Cognitive function assessment
The TMT AB test is a widely used cognitive task for assessing visuospatial lower and higher cognitive function in older adults.29 It consists of two parts, TMT A and TMT B,9 where the TMT A test measures lower cognitive functions such as attention and processing speed,29 that are required for, for example, visual searching.9 TMT B test measures task-switching ability and assesses more executive function and higher cognitive functionality,29 requiring working memory and cognitive flexibility.9 In TMT A, participants use a pencil to connect randomly arranged numbers (1–25) in ascending order, while in TMT B, they were required to connect numbered (1–13) and lettered (A–M) circles, beginning with the number one and alternating between letters and numbers in ascending order as quickly as possible.9 29 30 Scores for both tests were obtained based on the time taken to complete each task, and the time to complete TMT A and TMT B was recorded using a handheld stopwatch.
The study involved pre-exercise and postexercise measurements using a cross-over design, resulting in 75 outcome values that were analysed using IBM SPSS Statistics V.27.0 (IBM). Means and SDs and SEs were calculated for continuous variables, while frequencies and percentages were calculated for categorical variables. TMT B-TMT A values and TMT B/TMT A ratio scores were calculated to measure cognitive efficiency.31 32 The normal distribution of the data was checked using the Kolmogorov-Smirnov test and visually observed from a histogram, which indicated that most variables did not distribute normally and sizes of groups were rather small. As a result, non-parametric tests were used to analyse data. The Wilcoxon signed-rank test was used to compare cognitive function and cognitive-related exerkines outcomes within groups for pre-exercise and postexercise sessions. The Kruskal-Wallis test was used to assess differences between all three groups for the variables at baseline and changes during the trials period. The Pearson correlation assessed the relationship between outcomes. The Mann-Whitney U test was also used to compare the outcomes between genders. Significance level was set at p<0.05 with 95% CIs.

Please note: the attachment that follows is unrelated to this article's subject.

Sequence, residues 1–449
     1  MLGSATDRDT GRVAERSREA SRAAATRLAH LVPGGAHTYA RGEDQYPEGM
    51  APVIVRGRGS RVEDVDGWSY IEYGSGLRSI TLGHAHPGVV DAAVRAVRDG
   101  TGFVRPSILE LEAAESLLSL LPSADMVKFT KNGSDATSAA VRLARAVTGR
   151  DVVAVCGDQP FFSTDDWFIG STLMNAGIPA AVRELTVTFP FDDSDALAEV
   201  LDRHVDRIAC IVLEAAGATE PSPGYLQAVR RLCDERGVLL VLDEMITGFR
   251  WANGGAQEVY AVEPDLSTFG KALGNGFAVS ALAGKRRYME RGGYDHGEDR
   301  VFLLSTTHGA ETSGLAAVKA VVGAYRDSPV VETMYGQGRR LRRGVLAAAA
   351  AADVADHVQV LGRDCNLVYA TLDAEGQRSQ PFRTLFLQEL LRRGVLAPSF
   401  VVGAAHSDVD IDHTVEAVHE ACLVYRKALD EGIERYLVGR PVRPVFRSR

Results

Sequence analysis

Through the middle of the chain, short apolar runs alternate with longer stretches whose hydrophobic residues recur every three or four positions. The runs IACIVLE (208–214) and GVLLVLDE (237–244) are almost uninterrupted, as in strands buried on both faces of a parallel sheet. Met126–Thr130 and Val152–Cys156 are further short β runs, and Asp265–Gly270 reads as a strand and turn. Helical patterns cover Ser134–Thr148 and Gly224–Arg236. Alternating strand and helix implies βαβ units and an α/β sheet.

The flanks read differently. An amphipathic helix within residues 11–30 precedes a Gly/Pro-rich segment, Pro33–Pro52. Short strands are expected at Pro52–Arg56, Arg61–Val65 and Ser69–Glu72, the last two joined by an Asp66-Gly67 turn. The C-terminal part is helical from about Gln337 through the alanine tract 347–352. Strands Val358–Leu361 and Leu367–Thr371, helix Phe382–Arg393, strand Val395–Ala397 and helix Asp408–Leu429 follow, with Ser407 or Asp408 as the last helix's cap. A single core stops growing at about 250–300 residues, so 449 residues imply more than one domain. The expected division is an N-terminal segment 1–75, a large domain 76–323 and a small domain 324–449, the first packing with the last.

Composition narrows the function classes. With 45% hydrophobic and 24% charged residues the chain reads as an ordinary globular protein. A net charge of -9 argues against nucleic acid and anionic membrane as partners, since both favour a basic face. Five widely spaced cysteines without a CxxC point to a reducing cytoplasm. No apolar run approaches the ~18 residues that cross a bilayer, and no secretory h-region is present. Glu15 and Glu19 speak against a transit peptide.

Characteristics of study participants
This study had 25 healthy older golfers as participants (n=25, 64% (n=16) males and 36% (n=9) females). The characteristics of the subjects are shown in table 1. The participants were considered normal weight to overweight (25±2.5 kg/m2) and had elevated blood pressure (144/89±18/12 mm Hg) as well as increased total cholesterol (5.5±1.2 mmol/L). The HCP value was 22±6, and participants had previous golf experience of 17±9 years on average, and they played 2±1 golf rounds (18 holes) per week during the summer season (April–October) in Finland, which would equate to meeting moderate to vigorous physical activity guidelines.
Exercise/physical activity outcomes
The mean distance (p<0.001), time spent exercising/completing the exercise bout (p<0.001) and steps (p<0.001) were significantly greater for golf compared with both Nordic walking and walking.18 However, the average HR of golf (p=0.050) was significantly lower. The average exercise intensity based on estimated HR max (220 bpm—age) during each trial was 61% in the golf group, 77% in the Nordic walking group, and 76% in the walking group.18
Acute responses to cognitive function